Synonym(s): Miscanthus sinensis var. gracillimus, Miscanthus sinensis var. variegatus, Miscanthus sinensis var. zebrinus
Family: Poaceae (Grass Family)
Duration and Habit: Perennial Grass/Grasslike
A highly variable robust perennial grass that can grow to 5 to 10 feet in height. It is usually found in large tufts. The branches are very flexible and spread or droop. The leaves are elongate and can measure 3 feet in length and 1 inch across. The leaves have a silver white midrib. The tips of the leaves are sharp and re-curving. The fan-shaped terminal panicle is 6 to 24 inches long and can be silvery to pale pink in color. The branches of the panicle are erect or ascending. These panicles reach full maturity in the fall. The glabrous spikelets are very small, yellow-brown in color and encircled at the base with white or purple-colored hairs. The fertile lemma contains an awn that is spirally twisted at its base.
Native Lookalikes: Currently no information available here yet, or there are no native Texas species that could be confused with Chinese silvergrass.
Ecological Threat: Forms extensive infestations by escaping from older ornamental plantings to roadsides, forest margins, and adjacent disturbed sites, especially after burning. Shade tolerant. Highly flammable and a fire hazard.
Biology & Spread: Chinese silvergrass reproduce through rhizomes however seeds may be dispersed mechanically or through wind.
History: Introduced from eastern Asia. Still widely sold and increasingly planted as an ornamental. Several varieties imported and sold. New cultivars assumed to be mostly sterile.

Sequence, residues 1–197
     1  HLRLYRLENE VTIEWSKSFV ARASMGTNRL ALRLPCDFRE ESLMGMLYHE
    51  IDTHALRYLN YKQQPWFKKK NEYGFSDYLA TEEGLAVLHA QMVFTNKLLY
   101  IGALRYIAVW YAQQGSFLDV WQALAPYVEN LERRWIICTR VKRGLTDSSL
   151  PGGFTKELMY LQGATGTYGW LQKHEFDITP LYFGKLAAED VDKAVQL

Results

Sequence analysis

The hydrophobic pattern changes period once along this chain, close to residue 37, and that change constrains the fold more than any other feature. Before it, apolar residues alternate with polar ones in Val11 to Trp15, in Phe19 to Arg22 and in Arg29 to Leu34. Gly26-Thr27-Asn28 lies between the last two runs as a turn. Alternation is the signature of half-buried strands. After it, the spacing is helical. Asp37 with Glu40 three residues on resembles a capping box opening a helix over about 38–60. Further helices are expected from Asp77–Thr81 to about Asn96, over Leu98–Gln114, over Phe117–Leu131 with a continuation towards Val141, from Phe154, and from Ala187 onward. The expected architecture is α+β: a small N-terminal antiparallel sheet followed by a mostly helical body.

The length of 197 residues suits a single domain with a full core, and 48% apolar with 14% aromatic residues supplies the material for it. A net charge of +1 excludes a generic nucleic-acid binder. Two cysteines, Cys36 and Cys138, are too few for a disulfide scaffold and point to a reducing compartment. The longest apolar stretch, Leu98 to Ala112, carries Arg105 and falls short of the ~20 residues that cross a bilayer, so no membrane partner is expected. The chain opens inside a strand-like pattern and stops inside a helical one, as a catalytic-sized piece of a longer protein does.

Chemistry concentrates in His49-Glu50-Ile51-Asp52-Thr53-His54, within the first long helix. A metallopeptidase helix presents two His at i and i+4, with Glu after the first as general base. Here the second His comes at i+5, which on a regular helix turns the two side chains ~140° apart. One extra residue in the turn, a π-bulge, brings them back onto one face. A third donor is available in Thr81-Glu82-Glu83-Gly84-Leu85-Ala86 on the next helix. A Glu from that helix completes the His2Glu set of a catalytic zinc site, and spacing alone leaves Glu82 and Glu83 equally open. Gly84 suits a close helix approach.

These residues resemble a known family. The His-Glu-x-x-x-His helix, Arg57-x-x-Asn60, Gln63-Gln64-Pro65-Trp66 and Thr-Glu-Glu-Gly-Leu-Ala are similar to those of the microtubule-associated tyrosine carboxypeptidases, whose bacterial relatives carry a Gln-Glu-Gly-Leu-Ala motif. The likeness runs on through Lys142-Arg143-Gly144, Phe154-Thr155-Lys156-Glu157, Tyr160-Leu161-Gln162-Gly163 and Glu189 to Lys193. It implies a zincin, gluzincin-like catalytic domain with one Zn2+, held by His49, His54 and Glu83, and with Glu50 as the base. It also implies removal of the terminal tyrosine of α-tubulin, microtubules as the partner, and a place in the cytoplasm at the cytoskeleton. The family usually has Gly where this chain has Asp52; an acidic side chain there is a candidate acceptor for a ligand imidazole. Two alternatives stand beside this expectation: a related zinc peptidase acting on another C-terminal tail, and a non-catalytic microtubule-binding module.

U.S. Habitat: It prefers full sun and moist, rich soil that drains well. Slight drought can be tolerated once plants are established. Plants tolerate cold climates but do not grow well in hot, humid southern climates. Horticulturists claim it can be grown in zones 5-9, i.e. it can tolerate winter temperatures as low as -26oC (-15oF), and can survive as far south as the Florida panhandle. It has been located along disturbed areas that had been burned or cut.
U.S. Nativity: Introduced to U.S.
Native Origin: Temp. & Trop. Asia (Germplasm Resources Information Network); NatureServe Explorer
U.S. Present: AL, CA, CO, CT, DE, FL, GA, IL, KY, LA, MA, MD, MI, MO, MS, NC, NJ, NY, OH, PA, RI, SC, TN, VA, WV
Distribution in Texas: Reported invasive in CT, DC, GA, IL, IN, KY, MD, NC, NJ, PA, SC, TN, VA, and WI.
Invaders of Texas Map: Miscanthus sinensis
EDDMapS: Miscanthus sinensis
USDA Plants Texas County Map: Miscanthus sinensis
The ability of Chinese silvergrass to sprout from pieces of rhizome makes control difficult. The whole underground rhizome system must be killed in order to prevent regrowth the next year.
Manual- Digging out plants will probably result in resprouts and would need follow-up treatments. Similarly, disking and cutting methods may spread rhizome pieces into clean areas.
Chemical- It can be effectively controlled using any of several readily available general use herbicides such as glyphosate or imazapyr. Follow label and state requirements.
Miller, James H., Nonnative Invasive Plants of Southern Forests: A Field Guide for Identification and Control, USDA FS SRS-62, p. 54-55.
USDA Forest Service, Northeastern Area, Forest Health Protection's Invasive Plants Website (http://www.na.fs.fed.us/fhp/invasive%5Fplants)
Swearingen, J., K. Reshetiloff, B. Slattery, and S. Zwicker. 2002. Plant Invaders of Mid-Atlantic Natural Areas. National Park Service and U.S. Fish & Wildlife Service, 82 pp.
Google Search: Miscanthus sinensis
Google Images: Miscanthus sinensis
NatureServe Explorer: Miscanthus sinensis
USDA Plants: Miscanthus sinensis
Invasive Plant Atlas of the United States: Miscanthus sinensis
Bugwood Network Images: Miscanthus sinensis